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TUCoPS :: Unix :: General :: ciac-uni.txt

Unix Security Holes




			Security Holes in UNIX Systems

   The DOE Computer Incident Advisory Capability (CIAC) at LLNL has learned 
   that there are two security holes which leave certain systems running the 
   UNIX Operating System vulnerable to intrusion.  The holes, when used together
   in a very specific scenario, permit an intruder to attack UNIX systems 
   over the Internet and other pathways, and to assume superuser privileges.  
   Therefore, these vulnerabilities constitute a highly severe threat.  Sun
   systems running SunOS 3.x and 4.0 are susceptible; the hole may exist in
   other versions of the UNIX operating system as well.  A brief description 
   of the holes follow: 

	1.  There is a long-known hole in tftp, the user interface to the 
	    Internet TFTP (Trivial File Transfer Protocol).  This hole allows 
	    any user, without first logging in, to read any readable file and 
	    to write any writable file on a remote system via Internet.  This
	    hole exists in SunOS 3.x, but has been fixed in SunOS 4.0.

	    To determine whether this hole affects a system, do the following:

	    	Enter tftp local_testing_system at the UNIX prompt and follow
		with a carriage return.  For example,

			% tftp styx <RET>

		The system should answer with the tftp prompt:


		Enter the following at the prompt:

			tftp>  get /etc/passwd stolen_pw

 	    If "Error code 1: File not found" appears, the tested system is
	    safe from remote attacks.  However, it may still be susceptible to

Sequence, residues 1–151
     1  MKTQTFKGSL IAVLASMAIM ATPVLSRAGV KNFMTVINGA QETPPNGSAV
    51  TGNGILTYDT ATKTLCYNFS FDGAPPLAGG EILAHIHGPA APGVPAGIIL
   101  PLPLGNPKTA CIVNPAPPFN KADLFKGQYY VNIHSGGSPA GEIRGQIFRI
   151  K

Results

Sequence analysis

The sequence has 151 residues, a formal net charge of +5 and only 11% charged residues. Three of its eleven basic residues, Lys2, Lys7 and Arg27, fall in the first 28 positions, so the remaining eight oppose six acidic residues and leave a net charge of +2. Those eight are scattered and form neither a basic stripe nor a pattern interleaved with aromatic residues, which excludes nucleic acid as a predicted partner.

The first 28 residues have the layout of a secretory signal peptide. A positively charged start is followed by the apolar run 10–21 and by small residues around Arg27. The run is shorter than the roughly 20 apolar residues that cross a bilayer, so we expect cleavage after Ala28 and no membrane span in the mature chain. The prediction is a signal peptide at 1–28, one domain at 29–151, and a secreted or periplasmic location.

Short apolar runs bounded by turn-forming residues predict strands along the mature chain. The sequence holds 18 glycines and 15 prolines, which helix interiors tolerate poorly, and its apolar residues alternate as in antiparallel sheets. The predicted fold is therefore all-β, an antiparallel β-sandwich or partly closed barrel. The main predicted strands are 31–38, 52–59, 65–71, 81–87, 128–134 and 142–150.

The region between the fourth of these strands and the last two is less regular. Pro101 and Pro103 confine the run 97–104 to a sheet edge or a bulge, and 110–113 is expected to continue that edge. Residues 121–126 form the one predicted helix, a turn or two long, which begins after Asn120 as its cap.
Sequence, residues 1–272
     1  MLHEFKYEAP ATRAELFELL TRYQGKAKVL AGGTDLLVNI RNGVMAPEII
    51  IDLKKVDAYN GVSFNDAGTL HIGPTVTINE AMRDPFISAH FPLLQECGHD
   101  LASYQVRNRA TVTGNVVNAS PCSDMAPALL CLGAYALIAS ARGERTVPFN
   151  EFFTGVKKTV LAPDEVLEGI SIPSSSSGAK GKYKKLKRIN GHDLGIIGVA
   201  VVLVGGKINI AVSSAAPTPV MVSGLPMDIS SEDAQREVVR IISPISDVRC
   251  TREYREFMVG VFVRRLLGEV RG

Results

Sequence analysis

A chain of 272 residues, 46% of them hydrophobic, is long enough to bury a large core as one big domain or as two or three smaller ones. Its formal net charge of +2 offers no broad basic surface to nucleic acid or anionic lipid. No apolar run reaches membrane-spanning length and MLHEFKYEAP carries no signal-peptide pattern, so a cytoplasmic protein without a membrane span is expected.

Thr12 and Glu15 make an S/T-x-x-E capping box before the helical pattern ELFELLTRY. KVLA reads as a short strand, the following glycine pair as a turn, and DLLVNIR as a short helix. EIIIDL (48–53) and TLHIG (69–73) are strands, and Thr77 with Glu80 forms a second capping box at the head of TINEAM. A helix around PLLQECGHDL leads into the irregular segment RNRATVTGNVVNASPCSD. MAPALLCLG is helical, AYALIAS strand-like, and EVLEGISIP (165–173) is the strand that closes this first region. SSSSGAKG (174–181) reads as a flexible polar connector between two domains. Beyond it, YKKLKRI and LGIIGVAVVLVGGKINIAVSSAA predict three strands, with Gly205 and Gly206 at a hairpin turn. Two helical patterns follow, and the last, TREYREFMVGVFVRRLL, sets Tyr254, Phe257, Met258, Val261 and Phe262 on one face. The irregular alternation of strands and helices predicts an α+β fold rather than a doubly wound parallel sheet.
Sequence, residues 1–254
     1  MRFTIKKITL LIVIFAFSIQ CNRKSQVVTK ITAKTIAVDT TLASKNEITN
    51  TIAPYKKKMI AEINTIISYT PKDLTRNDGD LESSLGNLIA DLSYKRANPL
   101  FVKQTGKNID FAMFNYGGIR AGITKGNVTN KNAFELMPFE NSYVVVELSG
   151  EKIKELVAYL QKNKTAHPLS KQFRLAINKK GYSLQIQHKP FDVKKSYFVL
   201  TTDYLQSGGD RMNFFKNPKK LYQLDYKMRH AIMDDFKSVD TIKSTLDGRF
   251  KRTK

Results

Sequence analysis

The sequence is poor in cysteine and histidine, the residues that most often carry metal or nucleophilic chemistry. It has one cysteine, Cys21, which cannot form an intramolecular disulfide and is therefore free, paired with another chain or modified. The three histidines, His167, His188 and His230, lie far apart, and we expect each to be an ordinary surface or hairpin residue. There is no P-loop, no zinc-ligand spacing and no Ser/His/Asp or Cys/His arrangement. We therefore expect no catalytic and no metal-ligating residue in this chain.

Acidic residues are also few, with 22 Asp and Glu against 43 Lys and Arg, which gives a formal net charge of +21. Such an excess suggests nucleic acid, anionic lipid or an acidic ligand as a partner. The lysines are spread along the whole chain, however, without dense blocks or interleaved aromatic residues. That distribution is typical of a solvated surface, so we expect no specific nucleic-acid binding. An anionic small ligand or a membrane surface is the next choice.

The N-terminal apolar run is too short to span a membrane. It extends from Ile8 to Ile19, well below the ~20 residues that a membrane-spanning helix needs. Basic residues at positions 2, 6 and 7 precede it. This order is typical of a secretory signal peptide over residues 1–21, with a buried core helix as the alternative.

local attacks.

	2.  There are holes in rwalld (the network rwall server daemon) and 
	    wall (write to all users).  The command "wall" writes to filenames
            encoded within /etc/utmp.  You are vulnerable to this hole if
            /etc/utmp is world and/or group writable.  In essence, an intruder
            can use this hole to write on any file on the computer system. 

   Any UNIX machine which runs a windowing system is likely to have the 
   privileges which create the described vulnerabilities.  The presence of 
   an intruder who exploits these holes is difficult to detect.  It is our
   understanding that knowledge of these holes has been distributed widely 
   within the hacker community.  It is advisable, based on your vulnerability,
   to take appropriate action for your site.

   CIAC is currently working with Sun Microsystems and DARPA's Computer 
   Emergency Response Team (CERT) to eliminate these vulnerabilities as
   quickly as possible.  You will be notified when a patch is available.  For
   further information, contact CIAC at (415) 422-8193 or (FTS) 532-8193, or
   send e-mail to 

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